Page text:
On the search for an easy, go-to chocolate cake – and because we were late in accepting a dinner invitation so I needed to bake something I had the ingredients for – I thought I’d try this one from Vintage Cakes. So far I’ve been very impressed with her other recipes and this one looks very pretty (prettier in her picture than ours, but ours survived 50 minutes of transportation which included a bus, a transfer to the tram, and a 10 minute walk).
Monthly Archives: January 2013
When I get married again, I’m having these “cupcakes” as the dessert. When I fantasize about opening a bakery, I think through the logistics of selling something that’s made in a ramekin.
When my friends offer to share a serving because there are only two left, they can’t; it’s so good everyone needs one to themselves.
This recipe is so good it should be the featured recipe of Vintage Cakes. In fact, it should be the only recipe in Vintage Cakes. It’s that good.
Plus, it’s a bit of a scientific mystery. You put in two layers, but when you eat it there are three layers. I reread the recipe about a hundred times the first time I made this because I was so sure I was missing something. Nope. It’s just chemistry, keeping some of its baking secrets.
The problem with stocking up on kale when they have it at the market is that you need to use a mountain of kale. Quickly.
So I promptly got down to making my new favorite salad: Deb’s kale salad with cherries and pecans. I have now made it with walnuts and pecans. I’ve made it with dried cherries, dried cranberries, dried grapes (raisins), and chopped up dates. I’ve made it with smooth Dijon mustard and whole-seed Dijon mustard. I’ve made it with runny honey and solid honey. And it’s always good.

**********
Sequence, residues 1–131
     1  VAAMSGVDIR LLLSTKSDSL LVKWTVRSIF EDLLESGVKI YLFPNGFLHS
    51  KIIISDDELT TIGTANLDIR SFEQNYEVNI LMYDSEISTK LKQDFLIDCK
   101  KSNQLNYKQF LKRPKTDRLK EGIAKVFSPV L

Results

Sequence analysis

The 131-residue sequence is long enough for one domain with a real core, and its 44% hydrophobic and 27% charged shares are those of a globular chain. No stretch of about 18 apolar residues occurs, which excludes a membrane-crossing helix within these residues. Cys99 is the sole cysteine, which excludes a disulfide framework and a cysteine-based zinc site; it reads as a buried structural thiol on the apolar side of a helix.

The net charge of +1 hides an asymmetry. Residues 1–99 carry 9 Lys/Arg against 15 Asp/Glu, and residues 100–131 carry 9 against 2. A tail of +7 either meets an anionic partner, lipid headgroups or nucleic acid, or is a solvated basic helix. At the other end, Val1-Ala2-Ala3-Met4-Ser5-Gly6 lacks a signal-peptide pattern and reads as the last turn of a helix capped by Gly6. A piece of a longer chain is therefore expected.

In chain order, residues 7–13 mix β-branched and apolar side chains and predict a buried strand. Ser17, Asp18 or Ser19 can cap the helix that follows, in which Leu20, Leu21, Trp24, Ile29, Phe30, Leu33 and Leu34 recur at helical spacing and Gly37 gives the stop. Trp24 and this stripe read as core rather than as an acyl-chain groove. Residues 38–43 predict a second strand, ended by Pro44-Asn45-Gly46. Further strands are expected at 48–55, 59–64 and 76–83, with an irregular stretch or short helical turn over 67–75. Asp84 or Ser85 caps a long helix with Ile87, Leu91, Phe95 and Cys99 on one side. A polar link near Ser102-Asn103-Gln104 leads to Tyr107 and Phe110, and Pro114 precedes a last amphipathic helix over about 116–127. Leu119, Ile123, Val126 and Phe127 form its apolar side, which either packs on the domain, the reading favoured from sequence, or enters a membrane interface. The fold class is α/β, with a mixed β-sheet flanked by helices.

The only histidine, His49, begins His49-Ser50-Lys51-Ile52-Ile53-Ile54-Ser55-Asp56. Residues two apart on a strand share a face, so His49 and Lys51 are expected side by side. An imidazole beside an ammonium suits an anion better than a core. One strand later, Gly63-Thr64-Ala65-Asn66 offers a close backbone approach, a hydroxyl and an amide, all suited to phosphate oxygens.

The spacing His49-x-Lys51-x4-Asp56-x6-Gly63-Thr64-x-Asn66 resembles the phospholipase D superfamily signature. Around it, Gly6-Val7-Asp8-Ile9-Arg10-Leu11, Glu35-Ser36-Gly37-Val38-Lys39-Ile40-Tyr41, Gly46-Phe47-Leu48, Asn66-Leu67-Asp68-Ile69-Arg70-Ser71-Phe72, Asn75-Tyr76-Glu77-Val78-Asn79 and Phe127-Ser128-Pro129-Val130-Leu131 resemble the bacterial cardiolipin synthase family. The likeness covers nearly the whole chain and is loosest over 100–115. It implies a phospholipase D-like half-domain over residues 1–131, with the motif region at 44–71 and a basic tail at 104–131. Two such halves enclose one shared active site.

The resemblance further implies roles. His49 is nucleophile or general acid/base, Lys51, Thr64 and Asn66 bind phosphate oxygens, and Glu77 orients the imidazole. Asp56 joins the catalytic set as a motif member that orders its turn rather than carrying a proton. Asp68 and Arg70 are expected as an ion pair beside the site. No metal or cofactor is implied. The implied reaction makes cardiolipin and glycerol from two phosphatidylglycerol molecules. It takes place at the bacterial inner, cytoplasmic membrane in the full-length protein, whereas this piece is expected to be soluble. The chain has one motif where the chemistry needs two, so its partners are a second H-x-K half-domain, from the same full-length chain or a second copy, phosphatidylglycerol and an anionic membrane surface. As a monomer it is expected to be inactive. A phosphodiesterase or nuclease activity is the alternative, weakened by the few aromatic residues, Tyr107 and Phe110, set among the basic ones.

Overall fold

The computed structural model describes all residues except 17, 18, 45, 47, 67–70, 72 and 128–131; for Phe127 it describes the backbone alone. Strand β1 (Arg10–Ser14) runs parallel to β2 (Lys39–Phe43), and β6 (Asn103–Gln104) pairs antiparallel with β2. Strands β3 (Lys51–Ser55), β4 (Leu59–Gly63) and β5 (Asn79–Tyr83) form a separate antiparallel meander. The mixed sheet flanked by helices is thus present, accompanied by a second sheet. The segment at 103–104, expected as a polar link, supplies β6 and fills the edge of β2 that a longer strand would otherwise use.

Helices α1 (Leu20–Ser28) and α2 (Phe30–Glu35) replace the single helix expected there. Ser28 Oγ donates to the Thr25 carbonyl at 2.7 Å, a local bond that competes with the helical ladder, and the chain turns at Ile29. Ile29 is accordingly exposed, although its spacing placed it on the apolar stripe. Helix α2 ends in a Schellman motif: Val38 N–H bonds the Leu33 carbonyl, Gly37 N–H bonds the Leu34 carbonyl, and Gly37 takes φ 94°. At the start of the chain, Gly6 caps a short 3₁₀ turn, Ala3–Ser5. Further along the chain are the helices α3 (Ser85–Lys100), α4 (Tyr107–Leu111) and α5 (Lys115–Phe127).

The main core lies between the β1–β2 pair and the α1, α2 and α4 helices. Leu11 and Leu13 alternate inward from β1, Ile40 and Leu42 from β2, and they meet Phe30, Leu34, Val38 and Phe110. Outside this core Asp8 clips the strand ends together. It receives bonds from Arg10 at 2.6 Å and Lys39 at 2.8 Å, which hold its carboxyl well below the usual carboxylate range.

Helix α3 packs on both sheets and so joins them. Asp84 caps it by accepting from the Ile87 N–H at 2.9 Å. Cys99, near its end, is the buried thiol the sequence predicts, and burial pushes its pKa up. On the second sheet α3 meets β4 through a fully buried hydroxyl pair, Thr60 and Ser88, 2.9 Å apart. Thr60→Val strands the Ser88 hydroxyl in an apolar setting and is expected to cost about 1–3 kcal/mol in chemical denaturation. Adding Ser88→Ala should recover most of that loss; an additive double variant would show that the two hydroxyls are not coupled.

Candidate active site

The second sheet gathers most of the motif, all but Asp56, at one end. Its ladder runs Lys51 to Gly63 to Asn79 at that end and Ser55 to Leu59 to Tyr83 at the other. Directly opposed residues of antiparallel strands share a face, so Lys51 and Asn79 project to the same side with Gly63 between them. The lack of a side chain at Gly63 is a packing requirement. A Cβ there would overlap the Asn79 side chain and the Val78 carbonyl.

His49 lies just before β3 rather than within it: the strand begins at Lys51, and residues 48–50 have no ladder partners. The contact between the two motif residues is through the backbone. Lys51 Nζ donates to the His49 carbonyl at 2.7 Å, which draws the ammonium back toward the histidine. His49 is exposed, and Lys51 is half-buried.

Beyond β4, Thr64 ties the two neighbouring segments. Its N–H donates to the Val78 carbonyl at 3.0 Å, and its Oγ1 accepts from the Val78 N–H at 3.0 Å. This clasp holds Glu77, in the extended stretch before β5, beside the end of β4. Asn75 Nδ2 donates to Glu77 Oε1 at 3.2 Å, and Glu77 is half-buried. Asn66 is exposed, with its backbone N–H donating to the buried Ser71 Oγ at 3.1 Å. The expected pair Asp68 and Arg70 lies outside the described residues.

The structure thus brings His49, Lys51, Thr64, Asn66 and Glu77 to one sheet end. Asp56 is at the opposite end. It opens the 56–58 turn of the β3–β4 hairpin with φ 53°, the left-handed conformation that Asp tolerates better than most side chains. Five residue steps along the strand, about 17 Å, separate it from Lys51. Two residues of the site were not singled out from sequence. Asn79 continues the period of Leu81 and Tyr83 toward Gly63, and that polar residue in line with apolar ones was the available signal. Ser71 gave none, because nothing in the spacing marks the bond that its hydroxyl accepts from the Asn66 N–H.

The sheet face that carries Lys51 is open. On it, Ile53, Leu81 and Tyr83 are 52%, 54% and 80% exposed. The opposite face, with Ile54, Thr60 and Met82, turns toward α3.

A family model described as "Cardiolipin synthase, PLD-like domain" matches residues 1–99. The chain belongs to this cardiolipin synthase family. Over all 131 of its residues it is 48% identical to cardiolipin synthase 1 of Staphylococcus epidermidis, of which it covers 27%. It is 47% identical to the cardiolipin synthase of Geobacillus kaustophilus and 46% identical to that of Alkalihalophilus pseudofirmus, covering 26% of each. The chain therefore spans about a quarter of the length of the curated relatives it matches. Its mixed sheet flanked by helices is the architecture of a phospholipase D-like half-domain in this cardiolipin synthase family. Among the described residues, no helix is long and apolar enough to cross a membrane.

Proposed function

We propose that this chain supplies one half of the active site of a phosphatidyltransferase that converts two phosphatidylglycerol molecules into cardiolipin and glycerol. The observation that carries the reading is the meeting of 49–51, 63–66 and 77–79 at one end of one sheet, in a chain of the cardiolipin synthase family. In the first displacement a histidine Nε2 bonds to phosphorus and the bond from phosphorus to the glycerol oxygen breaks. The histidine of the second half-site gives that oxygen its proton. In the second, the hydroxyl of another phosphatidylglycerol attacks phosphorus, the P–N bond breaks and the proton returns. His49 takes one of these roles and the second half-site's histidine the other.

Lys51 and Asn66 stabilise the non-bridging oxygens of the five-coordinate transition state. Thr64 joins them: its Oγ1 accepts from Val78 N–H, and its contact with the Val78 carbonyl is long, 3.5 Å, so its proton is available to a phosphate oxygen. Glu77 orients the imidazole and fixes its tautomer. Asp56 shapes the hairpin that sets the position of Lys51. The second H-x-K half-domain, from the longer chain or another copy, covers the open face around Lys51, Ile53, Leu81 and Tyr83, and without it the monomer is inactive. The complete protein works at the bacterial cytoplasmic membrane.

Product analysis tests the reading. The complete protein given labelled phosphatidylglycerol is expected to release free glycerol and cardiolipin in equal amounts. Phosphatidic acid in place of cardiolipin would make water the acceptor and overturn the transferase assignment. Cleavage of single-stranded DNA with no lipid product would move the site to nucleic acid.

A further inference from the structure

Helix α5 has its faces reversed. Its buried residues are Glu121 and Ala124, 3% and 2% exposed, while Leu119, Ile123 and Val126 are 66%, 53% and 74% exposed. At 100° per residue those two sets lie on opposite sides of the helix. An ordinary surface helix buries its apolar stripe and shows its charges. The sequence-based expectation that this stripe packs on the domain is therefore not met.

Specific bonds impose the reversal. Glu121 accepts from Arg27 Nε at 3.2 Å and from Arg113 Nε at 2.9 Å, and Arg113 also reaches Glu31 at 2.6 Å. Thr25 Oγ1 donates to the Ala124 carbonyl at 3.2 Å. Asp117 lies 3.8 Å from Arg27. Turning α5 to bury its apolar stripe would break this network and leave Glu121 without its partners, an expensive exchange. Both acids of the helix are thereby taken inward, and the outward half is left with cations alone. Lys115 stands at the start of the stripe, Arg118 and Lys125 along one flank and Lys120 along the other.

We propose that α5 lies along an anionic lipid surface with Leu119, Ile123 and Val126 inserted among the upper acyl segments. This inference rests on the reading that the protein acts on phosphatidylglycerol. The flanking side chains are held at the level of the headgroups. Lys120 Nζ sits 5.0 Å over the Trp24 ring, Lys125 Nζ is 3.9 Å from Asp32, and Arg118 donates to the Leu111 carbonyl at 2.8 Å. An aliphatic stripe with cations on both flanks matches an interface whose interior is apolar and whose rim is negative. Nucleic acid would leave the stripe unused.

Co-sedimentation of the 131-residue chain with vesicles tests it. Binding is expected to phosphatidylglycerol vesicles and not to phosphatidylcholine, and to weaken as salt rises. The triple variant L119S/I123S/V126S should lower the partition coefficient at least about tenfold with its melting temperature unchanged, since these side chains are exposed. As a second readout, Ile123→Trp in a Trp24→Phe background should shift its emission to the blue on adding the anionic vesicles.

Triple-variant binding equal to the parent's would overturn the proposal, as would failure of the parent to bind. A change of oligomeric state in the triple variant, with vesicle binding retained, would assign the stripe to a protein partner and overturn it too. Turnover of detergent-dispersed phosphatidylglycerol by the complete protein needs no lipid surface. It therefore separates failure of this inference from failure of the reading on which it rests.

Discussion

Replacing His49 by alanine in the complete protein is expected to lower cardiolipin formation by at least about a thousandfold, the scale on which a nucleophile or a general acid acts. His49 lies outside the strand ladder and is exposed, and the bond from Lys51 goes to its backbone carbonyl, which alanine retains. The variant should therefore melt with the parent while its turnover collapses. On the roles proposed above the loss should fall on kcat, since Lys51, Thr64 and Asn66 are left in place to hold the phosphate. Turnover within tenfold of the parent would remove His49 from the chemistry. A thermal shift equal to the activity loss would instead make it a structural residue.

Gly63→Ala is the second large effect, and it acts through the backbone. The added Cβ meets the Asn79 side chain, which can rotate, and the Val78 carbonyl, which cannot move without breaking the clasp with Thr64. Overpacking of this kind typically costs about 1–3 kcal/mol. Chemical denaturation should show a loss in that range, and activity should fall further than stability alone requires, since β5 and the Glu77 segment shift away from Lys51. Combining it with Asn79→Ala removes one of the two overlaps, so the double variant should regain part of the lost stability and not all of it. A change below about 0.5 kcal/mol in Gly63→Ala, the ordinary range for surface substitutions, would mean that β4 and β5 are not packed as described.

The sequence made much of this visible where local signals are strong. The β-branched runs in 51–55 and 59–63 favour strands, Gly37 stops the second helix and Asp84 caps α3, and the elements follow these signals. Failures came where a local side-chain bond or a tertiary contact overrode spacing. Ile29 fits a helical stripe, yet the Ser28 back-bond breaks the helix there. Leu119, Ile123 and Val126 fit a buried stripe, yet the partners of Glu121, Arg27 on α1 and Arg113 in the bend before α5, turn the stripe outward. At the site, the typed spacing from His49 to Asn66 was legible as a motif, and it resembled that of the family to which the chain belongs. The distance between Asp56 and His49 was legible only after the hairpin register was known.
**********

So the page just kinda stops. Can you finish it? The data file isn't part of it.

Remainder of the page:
On this occasion, it was the favorite food item of the party (until I unveiled dessert, but that doesn’t really count. You can’t compare kale to a lemon meringue pudding cupcake).
After a botched attempt to find kale at the market – well, it wasn’t botched, it was just badly timed; the woman standing three customers in front of us bought out all of the remaining kale from the only stall that had any to begin with – I vowed to start earlier the next week. So we did. We went earlier in the day and we went a whole day earlier. And we were rewarded: there was plenty of kale around. This time I bought it on a stalk, which I’d never seen before. And because I learned from my mistakes, I bought two stalks.
It was a lot of kale.
So with no further ado I started preparing the kale. It took forever, but the results were totally worth it. I made two recipes from Smitten Kitchen; even though Deb swears she doesn’t like kale, her kale recipes are delicious!
The first red cabbage recipe only called for half of my head of cabbage which meant, of course, that I needed to try another recipe for the other half. After a hunt through most of my cookbooks, I settled on this recipe from Nigella Lawson’s Feast, since I had most of the ingredients (points for using things from the pantry) and it looked good.